• 12. LGD. Union Parishads (UPs) are the local government institutions responsible for implementing all government policies and development activities including access to safe drinking water. However, UPs in the southwest coastal region often lack the capacity, appropriate knowledge and technology or the ability to mobilise local resources to effectively deal with the problem of lack of access to safe drinking water. Uttaran’s work on access to safe drinking water: Uttaran has been working to improve access to safe drinking water and sanitation in the southwest coastal region of Bangladesh since its inception and is at present implementing a number of projects to improve drinking water sources (e.g. pond re-excavation). Uttaran has facilitated the forming and sustaining of local level community groups federated under district level committee – Pani Committee (Pani – Water). These Pani Committees act as advocacy groups demanding community management of the tidal rivers of the Sunderban mangrove forest. They have been able to mobilize communities in region and are actively engaged with the issue of arsenic contamination, increased salinity and the acute crisis of safe drinking water in the region. The Water & Sanitation Crisis: Bangladesh’s water crisis affects both rural and urban areas, and is a matter of both water scarcity and water quality. While Bangladesh has made commendable progress in supplying safe water to its people, gross disparity in coverage still exists across the country. Latrine usage is very poor, averaging only 16% in the rural areas. Diarrhea diseases constitute a major health problem in Bangladesh, killing over 100,000 children each year. Thousands of episodes of diarrhea occur in children and adults each day. Diarrhea diseases have close biological and socio-economic links to the problems of malnutrition, poor maternal health, high fertility, and child survival. In the late 1970s, approximately four million wells were drilled to replace the traditional contaminated surface water sources. The projects made significant headway, and mortality due to water-related diseases declined. However, in 1993, high arsenic concentrations were discovered in the groundwater of several wells in western Bangladesh. Long-term intake of high concentrations of arsenic from drinking water gives rise to a number of 12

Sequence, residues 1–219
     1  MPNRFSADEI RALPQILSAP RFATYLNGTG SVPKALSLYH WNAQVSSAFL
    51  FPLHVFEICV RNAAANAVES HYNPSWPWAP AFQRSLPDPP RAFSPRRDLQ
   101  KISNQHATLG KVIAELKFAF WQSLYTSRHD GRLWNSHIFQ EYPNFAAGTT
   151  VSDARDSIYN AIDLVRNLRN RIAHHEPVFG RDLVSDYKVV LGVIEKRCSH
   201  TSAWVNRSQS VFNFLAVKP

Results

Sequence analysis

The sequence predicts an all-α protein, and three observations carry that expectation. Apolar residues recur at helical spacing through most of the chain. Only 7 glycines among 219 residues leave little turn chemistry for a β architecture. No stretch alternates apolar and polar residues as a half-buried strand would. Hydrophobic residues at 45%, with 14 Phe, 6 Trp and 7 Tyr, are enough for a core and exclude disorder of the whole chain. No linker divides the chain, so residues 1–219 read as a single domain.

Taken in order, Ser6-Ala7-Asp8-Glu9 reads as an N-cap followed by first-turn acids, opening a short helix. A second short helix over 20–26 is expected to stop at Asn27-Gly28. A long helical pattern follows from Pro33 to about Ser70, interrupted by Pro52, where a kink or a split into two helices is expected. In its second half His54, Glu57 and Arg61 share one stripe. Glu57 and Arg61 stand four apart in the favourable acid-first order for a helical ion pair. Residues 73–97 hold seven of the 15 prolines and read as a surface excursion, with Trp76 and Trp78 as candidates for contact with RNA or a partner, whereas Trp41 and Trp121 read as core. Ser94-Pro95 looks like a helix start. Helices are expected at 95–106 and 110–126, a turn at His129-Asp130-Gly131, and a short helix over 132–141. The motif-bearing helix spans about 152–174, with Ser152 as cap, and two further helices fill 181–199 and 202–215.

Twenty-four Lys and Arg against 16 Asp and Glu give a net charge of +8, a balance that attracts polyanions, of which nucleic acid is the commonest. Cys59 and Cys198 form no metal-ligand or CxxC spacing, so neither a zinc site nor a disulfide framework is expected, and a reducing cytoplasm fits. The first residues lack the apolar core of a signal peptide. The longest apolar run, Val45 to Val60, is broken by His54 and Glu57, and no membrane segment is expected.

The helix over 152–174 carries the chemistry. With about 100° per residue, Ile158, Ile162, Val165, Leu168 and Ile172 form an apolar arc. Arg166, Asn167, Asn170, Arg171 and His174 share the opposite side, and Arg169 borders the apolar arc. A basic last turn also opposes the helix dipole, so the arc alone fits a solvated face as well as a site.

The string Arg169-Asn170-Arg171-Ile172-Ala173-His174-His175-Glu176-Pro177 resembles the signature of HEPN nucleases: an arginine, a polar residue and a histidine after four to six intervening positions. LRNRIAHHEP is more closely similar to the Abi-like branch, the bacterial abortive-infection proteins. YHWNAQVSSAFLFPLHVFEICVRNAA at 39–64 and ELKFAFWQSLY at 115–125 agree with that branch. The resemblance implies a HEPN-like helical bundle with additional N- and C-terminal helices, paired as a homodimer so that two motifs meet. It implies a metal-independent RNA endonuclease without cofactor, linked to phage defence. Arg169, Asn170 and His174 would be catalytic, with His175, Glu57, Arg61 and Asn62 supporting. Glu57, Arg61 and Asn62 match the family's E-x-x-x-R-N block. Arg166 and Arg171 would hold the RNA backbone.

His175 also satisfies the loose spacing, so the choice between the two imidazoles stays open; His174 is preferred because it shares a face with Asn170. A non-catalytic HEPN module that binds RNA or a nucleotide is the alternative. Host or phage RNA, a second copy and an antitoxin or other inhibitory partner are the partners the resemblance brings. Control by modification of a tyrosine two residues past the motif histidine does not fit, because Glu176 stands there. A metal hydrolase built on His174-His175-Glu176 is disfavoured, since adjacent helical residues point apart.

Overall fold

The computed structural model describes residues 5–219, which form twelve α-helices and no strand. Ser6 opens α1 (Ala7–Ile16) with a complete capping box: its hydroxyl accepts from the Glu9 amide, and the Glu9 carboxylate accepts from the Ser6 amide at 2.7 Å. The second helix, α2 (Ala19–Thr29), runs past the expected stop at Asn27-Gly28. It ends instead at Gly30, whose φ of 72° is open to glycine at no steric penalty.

• 13. health problems, particularly skin disorders. Internal cancers have also been linked with arsenic in drinking water. In Bangladesh, many wells containing arsenic were closed. Once a well is painted red, signifying the water contains arsenic concentrations above the national standard, community members are no longer supposed to use it. When people lack access to a well or water point, the community must seek other sources for drinking water, usually returning to the traditional unprotected water sources such as ponds or ditches, or walking to distant wells. These practices dramatically increase the risk of acute bacteriological contamination, leading to greater outbreaks of water-related diseases. These diseases especially affect children who are especially vulnerable to diarrheal diseases. Case Study: Supreme Court High Court Division (Civil Revisional Jurisdiction) Present: Md. Abdul Karim J Syed Amirul Islam J Bangladesh Water Development Board....................Petitioner Vs. Zakir Construction and Co. and another.....................Opposite Parties Judgment November 16, 1995. Result: The Rule is discharged. 13
  • 14. Lawyers Involved: Tufailur Rahman with Md. Ferozur Rahman, Advocates - For the Petitioners. Md. Fazlul Hoque and Md. Ozair Farooq, Advocates - For the Opposite Party. Civil Revision No.1451 of 1995. Judgment Md. Abdul Karim J.- This Rule issued on an application under section 115 of the Code of Civil Procedure is directed against the order dated 21-1-95 passed by the learned Subordinate Judge, 3rd Court, Dhaka, in Miscellaneous (Arbitration) Case No.79 of 1994. 2. Opposite party No.1 Zakir Construction & Co. Ltd. was the 1st party in Miscellaneous (Arbitration) Case No.79 of 1994 filed under section 11 of the Arbitration Act and petitioner Bangladesh Water Development Board figured as 2nd party in the said Misc. case. Petitioner Bangladesh Water Development Board through its Executive Engineer, O & M. Division-II, floated a tender for construction of 8 Vent RCC Pipe Sluice Gate at 13.65 Km of Greater Dhaka City Flood Protection Embankment in connection with flood protection of greater Dhaka City during 1989-91. A work order for Taka 1,75,00,000.00 was issued in favour of opposite party No.1. Subsequently a dispute about enhancement of rates for payment of bills arose and the parties agreed to settle the dispute through arbitration and accordingly, Urban Crisis: The size of the urban population is increasing at alarming rates. The poor from the rural areas continue to migrate to the urban areas with the hope of being able to earn larger wages to support their families. Many of these people find shelter in Dhaka’s slum communities. These squatter communities are the most densely populated areas in the country. The enormous quantity of people living in such close quarters causes people living in these slums to have very poor health. Most people in these slums 14